Ransomware, hacktivism, dronejacking and other threat predictions from McAfee

Once again, it’s time for Intel/McAfee to scare us with its annual report on computer security threats.

The 2017 report comes after a high-profile security breach close to home: San Francisco’s Muni transit system was hacked over Thanksgiving weekend, leading it to suspend the collection of light-rail fares for a couple of days.

While security experts said the ransomware attack didn’t pose a threat to public safety because transit agencies’ critical systems are usually separate from networks used by employees, the hackers are threatening to publish employee and customer information, Erin Baldassari wrote for the Bay Area News Group.

McAfee Labs predicts that ransomware attacks — which typically lock computer users out of their own networks until they pay a ransom — will continue, peak midyear, then drop off at the end of 2017.

“Ransomware was one of 2016’s major stories,” Vincent Weafer, vice president for McAfee Labs, said in a phone interview.

McAfee said in its most recent quarterly report that there were more than 7 million ransomware samples in the second quarter of 2016. And ransomware attacks grew 128 percent year over year, McAfee found. They included healthcare-related attacks, such as when a Los Angeles hospital paid $17,000 in ransom in February, plus subsequent attacks on other such facilities.

Wafer said the ransomware growth rate probably peaked this year, that the volume of attacks may peak in the middle of 2017, and that the attacks will probably fall toward the end of next year as companies catch on and take advantage of better tools and identification and prevention techniques.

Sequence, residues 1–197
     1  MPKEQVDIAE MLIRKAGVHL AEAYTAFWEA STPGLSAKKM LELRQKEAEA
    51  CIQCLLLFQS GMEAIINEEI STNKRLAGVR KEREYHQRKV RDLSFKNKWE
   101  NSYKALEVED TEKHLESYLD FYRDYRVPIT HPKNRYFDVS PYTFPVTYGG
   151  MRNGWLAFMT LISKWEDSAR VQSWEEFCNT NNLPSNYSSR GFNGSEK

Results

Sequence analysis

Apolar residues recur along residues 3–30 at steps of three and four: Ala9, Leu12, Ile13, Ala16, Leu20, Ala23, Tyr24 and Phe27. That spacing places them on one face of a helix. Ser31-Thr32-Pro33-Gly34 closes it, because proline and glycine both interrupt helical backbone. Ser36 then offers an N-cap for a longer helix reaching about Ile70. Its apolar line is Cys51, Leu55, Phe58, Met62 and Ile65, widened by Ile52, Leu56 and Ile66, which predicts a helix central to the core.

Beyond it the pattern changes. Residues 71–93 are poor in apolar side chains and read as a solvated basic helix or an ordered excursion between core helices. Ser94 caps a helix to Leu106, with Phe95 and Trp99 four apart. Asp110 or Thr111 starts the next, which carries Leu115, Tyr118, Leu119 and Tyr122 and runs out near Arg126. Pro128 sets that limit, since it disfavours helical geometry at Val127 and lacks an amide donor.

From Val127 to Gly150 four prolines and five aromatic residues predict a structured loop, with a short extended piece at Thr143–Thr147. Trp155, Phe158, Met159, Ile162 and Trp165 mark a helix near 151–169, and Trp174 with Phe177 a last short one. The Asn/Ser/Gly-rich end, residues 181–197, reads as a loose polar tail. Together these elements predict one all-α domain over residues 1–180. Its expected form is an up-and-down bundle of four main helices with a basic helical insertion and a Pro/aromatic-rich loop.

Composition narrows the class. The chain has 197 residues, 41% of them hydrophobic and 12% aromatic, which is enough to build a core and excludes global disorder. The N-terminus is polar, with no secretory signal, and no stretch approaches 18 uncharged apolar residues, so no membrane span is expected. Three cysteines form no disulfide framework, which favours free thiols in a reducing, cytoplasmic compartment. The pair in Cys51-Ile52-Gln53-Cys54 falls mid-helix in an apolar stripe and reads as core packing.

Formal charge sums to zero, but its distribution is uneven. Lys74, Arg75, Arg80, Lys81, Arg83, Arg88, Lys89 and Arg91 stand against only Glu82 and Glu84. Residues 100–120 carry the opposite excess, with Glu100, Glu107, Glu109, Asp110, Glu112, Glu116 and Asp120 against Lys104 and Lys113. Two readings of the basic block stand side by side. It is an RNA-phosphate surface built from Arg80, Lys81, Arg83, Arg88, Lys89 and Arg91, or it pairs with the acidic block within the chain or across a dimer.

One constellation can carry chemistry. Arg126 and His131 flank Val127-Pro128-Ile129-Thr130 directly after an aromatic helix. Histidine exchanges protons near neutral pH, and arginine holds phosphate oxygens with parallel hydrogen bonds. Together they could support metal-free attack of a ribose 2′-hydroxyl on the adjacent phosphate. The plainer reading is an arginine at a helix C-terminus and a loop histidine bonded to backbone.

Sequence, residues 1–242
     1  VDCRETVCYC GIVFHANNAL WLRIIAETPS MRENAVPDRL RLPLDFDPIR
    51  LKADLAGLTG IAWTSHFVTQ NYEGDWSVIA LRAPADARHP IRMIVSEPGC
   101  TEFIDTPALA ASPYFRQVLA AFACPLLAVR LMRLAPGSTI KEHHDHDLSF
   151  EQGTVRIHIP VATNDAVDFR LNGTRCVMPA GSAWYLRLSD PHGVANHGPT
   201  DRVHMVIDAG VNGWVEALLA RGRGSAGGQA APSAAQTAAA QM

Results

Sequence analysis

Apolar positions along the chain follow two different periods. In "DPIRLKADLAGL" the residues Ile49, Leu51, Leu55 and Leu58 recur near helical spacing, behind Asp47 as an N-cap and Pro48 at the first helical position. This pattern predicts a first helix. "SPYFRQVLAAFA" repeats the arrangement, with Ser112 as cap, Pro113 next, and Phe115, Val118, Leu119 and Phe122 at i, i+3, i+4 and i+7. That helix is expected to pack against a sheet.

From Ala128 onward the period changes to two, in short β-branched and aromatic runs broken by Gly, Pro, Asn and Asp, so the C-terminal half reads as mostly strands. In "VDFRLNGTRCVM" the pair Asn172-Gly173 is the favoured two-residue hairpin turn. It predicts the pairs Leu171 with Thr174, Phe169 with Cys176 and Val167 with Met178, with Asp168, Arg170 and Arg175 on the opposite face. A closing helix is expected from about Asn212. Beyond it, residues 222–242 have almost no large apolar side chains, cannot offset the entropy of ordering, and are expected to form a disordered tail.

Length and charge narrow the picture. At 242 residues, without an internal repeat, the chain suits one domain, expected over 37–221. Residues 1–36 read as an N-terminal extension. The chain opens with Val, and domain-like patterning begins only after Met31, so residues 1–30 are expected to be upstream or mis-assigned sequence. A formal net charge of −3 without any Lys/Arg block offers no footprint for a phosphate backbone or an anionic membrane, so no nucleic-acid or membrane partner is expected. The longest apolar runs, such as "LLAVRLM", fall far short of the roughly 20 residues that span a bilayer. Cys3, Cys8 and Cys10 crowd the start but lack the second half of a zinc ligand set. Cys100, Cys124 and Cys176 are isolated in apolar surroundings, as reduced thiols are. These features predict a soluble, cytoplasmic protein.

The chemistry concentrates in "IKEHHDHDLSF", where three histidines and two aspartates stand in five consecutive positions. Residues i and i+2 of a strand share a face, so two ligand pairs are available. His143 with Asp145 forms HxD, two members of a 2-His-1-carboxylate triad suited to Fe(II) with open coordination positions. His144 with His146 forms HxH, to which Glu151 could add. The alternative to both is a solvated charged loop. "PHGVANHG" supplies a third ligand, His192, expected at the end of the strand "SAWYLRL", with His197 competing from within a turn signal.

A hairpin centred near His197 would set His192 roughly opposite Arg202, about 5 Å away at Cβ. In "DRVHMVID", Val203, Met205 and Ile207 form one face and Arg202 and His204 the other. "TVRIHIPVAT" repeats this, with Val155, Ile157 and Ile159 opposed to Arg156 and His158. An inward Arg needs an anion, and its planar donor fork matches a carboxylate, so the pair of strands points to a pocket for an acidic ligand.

The Muni hack also touches on another prediction in McAfee’s threat report: that hacktivists will continue to wreak havoc to bring attention to security concerns. The Muni hacker/s — who reportedly asked for $70,000 in bitcoins — also said the attack was meant to expose weaknesses in the agency’s computer systems.

Other examples of hacktivist attacks this year included attacks on banks, the Democratic National Committee, the World Anti-Doping Agency.

The McAfee report notes that hacktivists will help open consumers’ eyes about the data that we’re giving away, and that the ensuing public outrage could force changes in laws and policies.

Among the other security issues to watch in the coming year, according to the report:

  • Internet of things. Weafer cited recent attacks on the IOT, such as the Mirai malware that has affected routers, and also was a factor (it infected webcams) in the attack on internet-traffic management company Dyn that disrupted Twitter, Netflix and other popular websites and services earlier this month. “The underlying vulnerabilities are real,” Weafer said. “The sheer volume of these devices is real.”
  • Dronejacking. Possibilities include people using software to create electronic no-fly zones; intercepting or interfering with deliveries by drone; stealing expensive cameras attached to drones; and fighting government surveillance. Again, those darn hacktivists likely stirring things up. It’s early yet, but the risks are similar to those being faced by the internet of things, Weafer said, “because of commercialization and the sheer volume of these things out there.”
  • Fake ads and likes. The report warns that fake ads, paid likes and reviews are here to stay. That means it’ll be hard to trust what we read and see online. The report also warns about fake security warnings such as bogus Windows installation alerts.


Photo from Associated Press 


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